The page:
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Classic case of Recruitment without Behavioural Analysis

John (not his real name) was a well qualified and experienced service man who had proven to be well liked by customers and staff alike. He was a team player and respected by all who worked with him. Feedback from customers could not have been better.

But John, after some ten years in his role decided it was time for a change and as there were no opportunities for advancement in the organisation he worked for, he decided to talk to a well respected recruitment consultant. Being a personable individual, the recruitment agency took an immediate liking to him and because of his experience they decided that he was ready for a management role. His testimonials were glowing and his employer at the time told the recruiter that he would reemploy him without any hesitation. He “ticked all the boxes” for a role in the same industry as a manager for a competitor. But the recruiter had overlooked one very important aspect - John’s behavioural style.

John took up the new role with vigor but found that his new employer’s company had a different culture. He also learned that the role became available because his predecessor had resigned after only a few months in the job and the reason/s soon became obvious to John.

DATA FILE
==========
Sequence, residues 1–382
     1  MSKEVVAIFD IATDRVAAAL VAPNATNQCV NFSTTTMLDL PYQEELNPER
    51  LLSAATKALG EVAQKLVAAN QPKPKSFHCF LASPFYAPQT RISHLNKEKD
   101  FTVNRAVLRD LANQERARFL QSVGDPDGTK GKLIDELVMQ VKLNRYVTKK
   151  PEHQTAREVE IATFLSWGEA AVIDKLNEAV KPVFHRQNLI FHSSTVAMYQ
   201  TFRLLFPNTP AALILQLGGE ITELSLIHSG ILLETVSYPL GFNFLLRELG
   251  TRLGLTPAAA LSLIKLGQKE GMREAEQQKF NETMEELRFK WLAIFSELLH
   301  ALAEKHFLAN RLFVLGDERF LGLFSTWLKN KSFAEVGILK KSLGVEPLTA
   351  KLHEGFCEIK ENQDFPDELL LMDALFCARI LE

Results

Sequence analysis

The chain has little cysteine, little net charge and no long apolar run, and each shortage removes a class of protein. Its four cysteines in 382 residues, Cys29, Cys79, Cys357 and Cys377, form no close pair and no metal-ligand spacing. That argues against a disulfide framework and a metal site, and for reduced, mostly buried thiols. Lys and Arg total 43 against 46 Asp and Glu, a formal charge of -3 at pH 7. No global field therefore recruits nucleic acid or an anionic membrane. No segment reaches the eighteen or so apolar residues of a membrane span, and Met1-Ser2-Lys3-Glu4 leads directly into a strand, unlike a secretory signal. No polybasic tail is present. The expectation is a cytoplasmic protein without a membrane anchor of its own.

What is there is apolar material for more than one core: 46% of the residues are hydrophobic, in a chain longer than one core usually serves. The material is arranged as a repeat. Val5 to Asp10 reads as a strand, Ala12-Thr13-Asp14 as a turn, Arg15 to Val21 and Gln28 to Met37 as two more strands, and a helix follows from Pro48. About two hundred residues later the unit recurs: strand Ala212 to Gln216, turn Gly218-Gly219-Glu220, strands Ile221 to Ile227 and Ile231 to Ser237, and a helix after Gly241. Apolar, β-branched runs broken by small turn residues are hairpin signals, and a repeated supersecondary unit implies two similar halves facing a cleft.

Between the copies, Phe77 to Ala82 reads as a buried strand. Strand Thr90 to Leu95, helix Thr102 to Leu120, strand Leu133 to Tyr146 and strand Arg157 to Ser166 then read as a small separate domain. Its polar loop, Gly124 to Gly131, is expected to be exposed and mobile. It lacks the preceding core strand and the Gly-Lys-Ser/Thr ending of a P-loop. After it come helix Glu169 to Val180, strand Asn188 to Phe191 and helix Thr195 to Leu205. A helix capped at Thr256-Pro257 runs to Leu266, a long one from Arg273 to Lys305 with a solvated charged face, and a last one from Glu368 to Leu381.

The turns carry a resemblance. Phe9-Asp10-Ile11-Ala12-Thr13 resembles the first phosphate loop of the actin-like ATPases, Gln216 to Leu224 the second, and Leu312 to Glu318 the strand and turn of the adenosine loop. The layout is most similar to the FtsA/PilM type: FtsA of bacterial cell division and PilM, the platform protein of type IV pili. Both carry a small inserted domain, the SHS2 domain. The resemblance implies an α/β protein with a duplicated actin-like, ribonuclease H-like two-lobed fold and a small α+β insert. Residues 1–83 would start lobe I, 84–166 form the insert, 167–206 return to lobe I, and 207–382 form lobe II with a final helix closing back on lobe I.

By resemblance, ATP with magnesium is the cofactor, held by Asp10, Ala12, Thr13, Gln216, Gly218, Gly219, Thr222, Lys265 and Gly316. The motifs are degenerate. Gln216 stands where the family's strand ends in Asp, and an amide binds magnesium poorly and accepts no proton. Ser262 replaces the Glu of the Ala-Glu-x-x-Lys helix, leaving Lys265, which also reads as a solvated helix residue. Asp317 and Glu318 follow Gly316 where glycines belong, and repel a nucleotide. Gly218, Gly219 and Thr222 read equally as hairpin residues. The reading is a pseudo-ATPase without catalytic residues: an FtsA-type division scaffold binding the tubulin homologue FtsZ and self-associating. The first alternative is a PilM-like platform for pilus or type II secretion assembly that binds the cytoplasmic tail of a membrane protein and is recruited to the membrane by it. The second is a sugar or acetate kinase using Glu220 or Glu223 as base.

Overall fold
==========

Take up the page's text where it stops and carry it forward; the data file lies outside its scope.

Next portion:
After some six month’s the owner of the company who employed John became very concerned as he simply hadn’t met his budgets and the atmosphere in John’s department was tense. So the owner engaged the consultant who related this story to us. The first thing the consultant did was obtain a behavioural report from John, and the Profiles from the report are shown below.

Profile II showed that John was under pressure (Profile elevated) and his natural style was mainly S (85%). John had obviously shown D traits (he has a small percentage of D (5%)) and he would have probably demonstrated this style when applying for the role. Profile I showed that John felt the need to make a very significant change in his style to cope with the challenges of his new environment, feeling the need to become 70% D and 30% I. The suppression of S in the Profile indicates stress and so the combination of stress and pressure was beginning to have a serious effect on John’s performance.

The Diamond taken from the report (opposite) demonstrates even more graphically how much of a change John had felt he needed to make and of course this is well outside his comfort zone.

The outcome was that John resigned after the consultant interviewed him, realising that the role simply did not suit his style. The employer had to go through the whole process of finding a suitable applicant again for the third time within around six months despite having received assurances from the recruiter that John had met all the required criteria as a manager. The lesson: do not assume the person you interview for a role is the same person he/she seems to be and always obtain a behavioural report in recruiting situations.